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What is Accutane?
... and its relation to Depression & Suicide

 

What is Accutane?
Accutane is the brand name for the drug "isotretinion”. There is no generic version of Accutane available.

All isotretinoin sold in the United States is sold as Accutane. The medication belongs to a class of drugs known as retinoid medications. Retinoid medications are related chemically to Vitamin A and many of the Accutane side effects of this class of medications resemble Vitamin A overdose side effects.

Accutane works by inhibiting or reducing sebaceous gland function. Exactly how it does this is not understood. The reduction of sebum secretion is temporary and depends on the dose and duration of treatment. Accutane treatment usually lasts for 15 to 20 weeks. In many cases, Accutane results in a complete or prolonged acne remission.

Accutane has serious and potentially life-threatening side effects, including birth defects, depression leading to suicide, kidney failure, heart problems, and death. Because of these potentially serious complications, doctors are advised to weigh any potential benefits of the drug against the possible risks. Accutane is a "last choice" treatment, reserved for patients who have not responded to conventional therapies, including antibiotics.

Accutane is sold in soft capsules in doses of 10mg, 20mg, or 40mg. It is the only treatment known to stop severe nodular acne.

Relation to depression and suicide
According to the FDA, Accutane may cause depression, psychosis and, rarely, suicidal ideation, suicide attempts and suicide. Discontinuation of Accutane therapy may be insufficient; further evaluation may be necessary. No mechanism of action has been established for these events

Pseudotumor Cerebri is also listed by the FDA as having Accutane use associated with a number of cases of pseudotumor cerebri (benign intracranial hypertension), some of which involved concomitant use of tetracyclines. Concomitant treatment with tetracyclines should therefore be avoided. Early signs and symptoms of pseudotumor cerebri include papilledema, headache, nausea and vomiting, and visual disturbances. Patients with these symptoms should be screened for papilledema and, if present, they should be told to discontinue Accutane immediately and be referred to a neurologist for further diagnosis and care.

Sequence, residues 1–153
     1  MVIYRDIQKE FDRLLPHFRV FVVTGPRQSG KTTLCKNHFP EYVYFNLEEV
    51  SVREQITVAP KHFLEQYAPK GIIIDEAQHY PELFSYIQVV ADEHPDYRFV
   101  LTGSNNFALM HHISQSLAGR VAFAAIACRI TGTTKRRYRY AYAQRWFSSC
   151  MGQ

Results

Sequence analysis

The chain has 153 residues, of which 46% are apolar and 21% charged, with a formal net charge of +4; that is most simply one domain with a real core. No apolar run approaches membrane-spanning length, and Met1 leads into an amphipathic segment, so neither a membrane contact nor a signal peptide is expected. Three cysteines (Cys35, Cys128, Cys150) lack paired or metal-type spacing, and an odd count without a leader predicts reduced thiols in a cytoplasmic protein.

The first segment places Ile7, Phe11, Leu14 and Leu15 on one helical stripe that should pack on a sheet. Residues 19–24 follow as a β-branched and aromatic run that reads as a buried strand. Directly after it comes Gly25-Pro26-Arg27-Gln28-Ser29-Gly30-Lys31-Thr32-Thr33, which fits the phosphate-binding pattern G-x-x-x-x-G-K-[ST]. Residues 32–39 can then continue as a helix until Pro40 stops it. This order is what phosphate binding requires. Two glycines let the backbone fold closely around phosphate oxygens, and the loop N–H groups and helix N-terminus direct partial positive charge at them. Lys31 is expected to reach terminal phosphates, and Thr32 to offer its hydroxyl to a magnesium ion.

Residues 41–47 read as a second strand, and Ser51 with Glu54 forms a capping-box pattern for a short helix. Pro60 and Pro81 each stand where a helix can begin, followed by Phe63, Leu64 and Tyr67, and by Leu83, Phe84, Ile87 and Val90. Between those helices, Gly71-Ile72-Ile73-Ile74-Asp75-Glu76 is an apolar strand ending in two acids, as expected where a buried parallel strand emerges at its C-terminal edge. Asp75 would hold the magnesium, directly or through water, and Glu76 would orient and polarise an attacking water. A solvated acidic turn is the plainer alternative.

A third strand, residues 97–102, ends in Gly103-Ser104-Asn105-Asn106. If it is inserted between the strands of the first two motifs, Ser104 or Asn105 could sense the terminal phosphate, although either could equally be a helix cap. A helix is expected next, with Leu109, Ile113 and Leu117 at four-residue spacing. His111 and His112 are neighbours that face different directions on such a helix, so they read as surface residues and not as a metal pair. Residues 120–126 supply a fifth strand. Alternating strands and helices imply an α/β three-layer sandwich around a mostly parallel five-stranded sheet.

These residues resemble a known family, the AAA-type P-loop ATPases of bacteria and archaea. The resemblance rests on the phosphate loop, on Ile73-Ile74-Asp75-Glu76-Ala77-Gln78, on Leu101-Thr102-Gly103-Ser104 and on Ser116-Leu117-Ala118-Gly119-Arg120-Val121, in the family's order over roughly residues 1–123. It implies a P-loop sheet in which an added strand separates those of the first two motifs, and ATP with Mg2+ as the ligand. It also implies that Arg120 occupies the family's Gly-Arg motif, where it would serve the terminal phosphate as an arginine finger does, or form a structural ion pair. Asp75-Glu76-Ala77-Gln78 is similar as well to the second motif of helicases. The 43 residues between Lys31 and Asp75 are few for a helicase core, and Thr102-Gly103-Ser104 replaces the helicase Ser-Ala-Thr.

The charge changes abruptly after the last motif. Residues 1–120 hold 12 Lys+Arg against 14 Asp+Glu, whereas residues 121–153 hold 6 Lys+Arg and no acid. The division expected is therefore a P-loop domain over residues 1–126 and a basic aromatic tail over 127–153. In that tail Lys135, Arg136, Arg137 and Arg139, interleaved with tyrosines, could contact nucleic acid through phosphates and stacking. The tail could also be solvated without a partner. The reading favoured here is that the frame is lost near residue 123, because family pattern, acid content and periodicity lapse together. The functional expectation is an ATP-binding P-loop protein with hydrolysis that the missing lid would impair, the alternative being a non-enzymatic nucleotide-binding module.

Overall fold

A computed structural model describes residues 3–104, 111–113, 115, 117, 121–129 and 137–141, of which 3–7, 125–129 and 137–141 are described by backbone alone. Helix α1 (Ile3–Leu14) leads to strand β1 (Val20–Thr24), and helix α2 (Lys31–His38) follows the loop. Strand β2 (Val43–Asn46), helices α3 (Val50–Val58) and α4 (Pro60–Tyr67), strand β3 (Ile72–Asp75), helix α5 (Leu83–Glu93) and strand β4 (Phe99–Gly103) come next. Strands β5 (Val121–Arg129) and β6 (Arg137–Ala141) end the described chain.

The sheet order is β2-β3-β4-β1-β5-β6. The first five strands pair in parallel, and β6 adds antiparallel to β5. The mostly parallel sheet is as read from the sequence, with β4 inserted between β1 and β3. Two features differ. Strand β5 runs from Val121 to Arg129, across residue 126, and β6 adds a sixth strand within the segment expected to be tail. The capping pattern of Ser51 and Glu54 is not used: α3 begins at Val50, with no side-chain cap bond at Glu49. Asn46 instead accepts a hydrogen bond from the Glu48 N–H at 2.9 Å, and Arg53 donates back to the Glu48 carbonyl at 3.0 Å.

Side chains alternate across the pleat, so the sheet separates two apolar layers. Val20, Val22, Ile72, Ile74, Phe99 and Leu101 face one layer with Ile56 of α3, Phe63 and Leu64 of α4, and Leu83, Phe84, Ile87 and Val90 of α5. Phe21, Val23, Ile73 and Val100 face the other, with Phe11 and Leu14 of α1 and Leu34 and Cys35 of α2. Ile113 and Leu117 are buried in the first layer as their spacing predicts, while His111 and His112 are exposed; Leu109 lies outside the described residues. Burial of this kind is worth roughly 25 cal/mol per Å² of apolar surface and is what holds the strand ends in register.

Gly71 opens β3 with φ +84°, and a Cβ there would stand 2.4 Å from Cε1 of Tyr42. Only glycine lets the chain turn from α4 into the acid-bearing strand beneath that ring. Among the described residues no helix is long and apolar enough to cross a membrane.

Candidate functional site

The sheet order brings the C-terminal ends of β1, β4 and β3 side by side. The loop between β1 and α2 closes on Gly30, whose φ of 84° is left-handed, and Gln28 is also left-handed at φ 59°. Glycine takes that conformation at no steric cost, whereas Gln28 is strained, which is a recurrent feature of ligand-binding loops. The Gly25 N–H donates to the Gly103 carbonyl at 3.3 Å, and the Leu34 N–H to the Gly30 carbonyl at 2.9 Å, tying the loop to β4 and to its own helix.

Depression and suicidal tendencies are two important psychiatric conditions that may be observed in dermatology and family practice settings. This brochure provides an overview of depression, because depression is the most commonly reported psychiatric adverse event in patients taking Accutane, and is also a well-established risk factor for suicidal behavior.

Depression is characterized by symptoms including intense, persistent sadness; anxiety; loss of pleasure from usual activities; and loss of energy. (National Institute of Mental Health. Depression.) These feelings can be normal responses to a negative life event, but clinical depression is either not triggered by such an event or is disproportional to the trigger. Berkow R, Beers MH, Fletcher AJ, Bogin RM, eds. The Merck Manual of Medical Information: Home Edition. Sec. 7, Ch 84. Depression and Mania.

Depression can be episodic. According to the National Comorbidity Survey, 17% of Americans will experience depression at some point during their lives and 5% are depressed in any given month. (. Kessler RC, McGonagle KA, Zhao S, et al. Lifetime and 12-month prevalence of DSM-III-R psychiatric disorders in the United States. Results from the National Comorbidity Survey. Arch Gen Psychiatry. 1994;51:8-19. Blazer DG, Kessler RC, McGonagle KA, Swartz MS. The prevalence and distribution of major depression in a national community sample: the National Comorbidity Survey. Am J Psychiatry. 1994:151:979-986.) Several epidemiological studies reported that up to 8.3% of adolescents in the United States suffer from depression.